As noted above, collected data can be unstructured, semi-structured or structured. Unstructured data is data that's unorganized and comes in different files or formats. Typically, unstructured data isn't a good fit for a mainstream relational database because it doesn't fit into conventional data models. Semi-structured data is data that hasn't been organized into a specialized repository but has associated information, such as metadata. This makes it easier to process than unstructured data. Structured data, meanwhile, is data that has been organized into a formatted repository. This means the data is made more addressable for effective data processing and analysis.

Raw data also qualifies as a data type. While raw data can fall into other categories -- structured, semi-structured or unstructured -- it's considered raw if it has received no processing at all. Most often, raw applies to data imported from other organizations or submitted or entered by users. Social media data often falls into this category.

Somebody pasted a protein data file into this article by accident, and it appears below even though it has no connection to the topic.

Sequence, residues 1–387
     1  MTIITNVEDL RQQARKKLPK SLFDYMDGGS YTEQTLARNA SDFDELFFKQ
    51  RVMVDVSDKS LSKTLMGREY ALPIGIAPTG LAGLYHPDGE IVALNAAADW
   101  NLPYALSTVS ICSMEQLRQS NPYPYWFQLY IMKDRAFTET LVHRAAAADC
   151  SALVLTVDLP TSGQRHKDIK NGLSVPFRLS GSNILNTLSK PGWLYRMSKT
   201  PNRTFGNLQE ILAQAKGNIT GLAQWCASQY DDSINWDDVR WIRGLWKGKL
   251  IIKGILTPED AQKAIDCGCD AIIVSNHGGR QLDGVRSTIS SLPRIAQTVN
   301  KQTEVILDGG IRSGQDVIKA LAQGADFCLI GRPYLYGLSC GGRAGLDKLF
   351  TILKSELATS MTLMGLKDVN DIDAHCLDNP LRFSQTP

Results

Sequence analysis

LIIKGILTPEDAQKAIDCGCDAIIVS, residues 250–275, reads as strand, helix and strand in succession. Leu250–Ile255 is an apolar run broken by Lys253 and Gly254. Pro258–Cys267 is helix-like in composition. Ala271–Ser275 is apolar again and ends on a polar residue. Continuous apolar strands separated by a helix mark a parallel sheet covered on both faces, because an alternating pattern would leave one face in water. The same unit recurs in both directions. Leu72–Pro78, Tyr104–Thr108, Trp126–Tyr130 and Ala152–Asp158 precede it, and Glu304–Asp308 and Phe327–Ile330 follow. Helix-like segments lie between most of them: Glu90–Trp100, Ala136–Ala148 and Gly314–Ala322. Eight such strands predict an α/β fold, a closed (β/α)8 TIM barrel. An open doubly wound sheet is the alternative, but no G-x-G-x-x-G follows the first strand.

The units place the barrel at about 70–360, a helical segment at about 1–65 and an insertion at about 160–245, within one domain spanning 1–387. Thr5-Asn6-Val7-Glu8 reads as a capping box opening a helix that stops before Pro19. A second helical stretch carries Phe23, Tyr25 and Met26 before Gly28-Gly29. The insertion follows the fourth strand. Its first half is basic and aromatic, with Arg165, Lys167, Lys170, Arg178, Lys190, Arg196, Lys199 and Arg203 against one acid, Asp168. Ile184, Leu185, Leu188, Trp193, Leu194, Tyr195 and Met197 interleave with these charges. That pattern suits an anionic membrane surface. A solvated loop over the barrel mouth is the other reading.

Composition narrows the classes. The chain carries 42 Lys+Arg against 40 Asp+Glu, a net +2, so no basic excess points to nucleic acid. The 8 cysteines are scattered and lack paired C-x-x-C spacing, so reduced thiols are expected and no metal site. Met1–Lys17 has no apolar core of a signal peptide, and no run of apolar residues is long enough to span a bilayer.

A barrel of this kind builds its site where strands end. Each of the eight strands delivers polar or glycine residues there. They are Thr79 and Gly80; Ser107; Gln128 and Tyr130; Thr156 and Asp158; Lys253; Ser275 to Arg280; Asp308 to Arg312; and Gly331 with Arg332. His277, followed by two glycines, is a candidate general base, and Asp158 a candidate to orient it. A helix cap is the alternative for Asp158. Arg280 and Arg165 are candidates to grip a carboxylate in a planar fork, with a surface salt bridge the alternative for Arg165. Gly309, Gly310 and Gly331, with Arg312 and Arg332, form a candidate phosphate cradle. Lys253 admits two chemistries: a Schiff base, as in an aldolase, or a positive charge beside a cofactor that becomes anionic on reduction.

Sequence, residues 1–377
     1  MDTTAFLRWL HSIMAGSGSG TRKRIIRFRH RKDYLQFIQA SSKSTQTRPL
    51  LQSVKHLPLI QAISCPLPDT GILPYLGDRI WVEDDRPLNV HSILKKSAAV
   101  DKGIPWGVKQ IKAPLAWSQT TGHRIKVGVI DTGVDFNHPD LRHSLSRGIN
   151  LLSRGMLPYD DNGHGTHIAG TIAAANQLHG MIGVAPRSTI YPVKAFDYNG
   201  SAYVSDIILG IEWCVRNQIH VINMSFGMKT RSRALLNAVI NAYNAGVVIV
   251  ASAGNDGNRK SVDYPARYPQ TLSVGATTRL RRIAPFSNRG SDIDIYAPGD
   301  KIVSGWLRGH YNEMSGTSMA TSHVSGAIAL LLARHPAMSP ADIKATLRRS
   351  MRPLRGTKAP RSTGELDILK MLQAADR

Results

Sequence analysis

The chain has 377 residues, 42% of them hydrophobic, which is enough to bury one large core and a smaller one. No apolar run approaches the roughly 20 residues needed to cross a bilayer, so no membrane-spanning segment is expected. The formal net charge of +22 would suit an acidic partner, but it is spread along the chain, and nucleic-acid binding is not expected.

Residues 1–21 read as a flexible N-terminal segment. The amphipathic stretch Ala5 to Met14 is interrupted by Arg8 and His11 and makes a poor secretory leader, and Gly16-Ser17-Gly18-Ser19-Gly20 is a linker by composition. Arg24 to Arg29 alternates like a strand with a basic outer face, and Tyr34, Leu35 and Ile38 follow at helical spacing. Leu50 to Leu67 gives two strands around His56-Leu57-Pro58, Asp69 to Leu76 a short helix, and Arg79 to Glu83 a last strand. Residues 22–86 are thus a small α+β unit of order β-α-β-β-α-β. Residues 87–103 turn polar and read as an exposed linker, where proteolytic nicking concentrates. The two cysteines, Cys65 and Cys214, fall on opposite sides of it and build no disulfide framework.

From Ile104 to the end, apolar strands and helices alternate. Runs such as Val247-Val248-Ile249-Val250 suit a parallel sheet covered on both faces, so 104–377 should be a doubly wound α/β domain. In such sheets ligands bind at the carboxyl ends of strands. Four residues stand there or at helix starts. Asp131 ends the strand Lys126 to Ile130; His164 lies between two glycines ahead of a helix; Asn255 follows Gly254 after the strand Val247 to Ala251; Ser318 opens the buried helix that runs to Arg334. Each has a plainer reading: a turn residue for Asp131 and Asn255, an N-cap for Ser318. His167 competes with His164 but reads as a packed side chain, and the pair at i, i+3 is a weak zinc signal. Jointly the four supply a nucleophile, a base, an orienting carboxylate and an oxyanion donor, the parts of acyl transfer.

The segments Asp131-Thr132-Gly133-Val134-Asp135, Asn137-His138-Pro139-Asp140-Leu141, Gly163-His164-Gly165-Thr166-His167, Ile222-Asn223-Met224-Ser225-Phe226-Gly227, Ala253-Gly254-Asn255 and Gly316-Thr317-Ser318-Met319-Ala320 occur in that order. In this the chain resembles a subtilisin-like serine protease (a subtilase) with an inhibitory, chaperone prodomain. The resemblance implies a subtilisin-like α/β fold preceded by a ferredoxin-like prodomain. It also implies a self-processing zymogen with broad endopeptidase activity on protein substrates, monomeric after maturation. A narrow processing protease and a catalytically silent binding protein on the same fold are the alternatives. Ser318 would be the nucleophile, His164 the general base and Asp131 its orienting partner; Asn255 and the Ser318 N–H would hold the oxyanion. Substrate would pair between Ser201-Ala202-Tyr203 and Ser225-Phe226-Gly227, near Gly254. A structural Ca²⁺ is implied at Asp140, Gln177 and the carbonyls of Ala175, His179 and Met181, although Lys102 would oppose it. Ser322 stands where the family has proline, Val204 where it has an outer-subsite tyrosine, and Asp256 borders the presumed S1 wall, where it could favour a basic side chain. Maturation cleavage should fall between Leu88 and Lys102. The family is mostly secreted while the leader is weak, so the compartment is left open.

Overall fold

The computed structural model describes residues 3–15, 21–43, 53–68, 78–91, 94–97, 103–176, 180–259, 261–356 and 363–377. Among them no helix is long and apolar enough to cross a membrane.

A more specific example could be found in a company that gathers a variety of data about its customers. This can include structured data culled from transactions or unstructured social media posts and call center text. Much of this might arrive in the form of raw data, requiring cleaning before processing.


Veracity refers to the quality, accuracy, integrity and credibility of data. Gathered data could have missing pieces, might be inaccurate or might not be able to provide real, valuable insight. Veracity, overall, refers to the level of trust there is in the collected data.

Data can sometimes become messy and difficult to use. A large amount of data can cause more confusion than insights if it's incomplete. For example, in the medical field, if data about what drugs a patient is taking is incomplete, the patient's life could be endangered.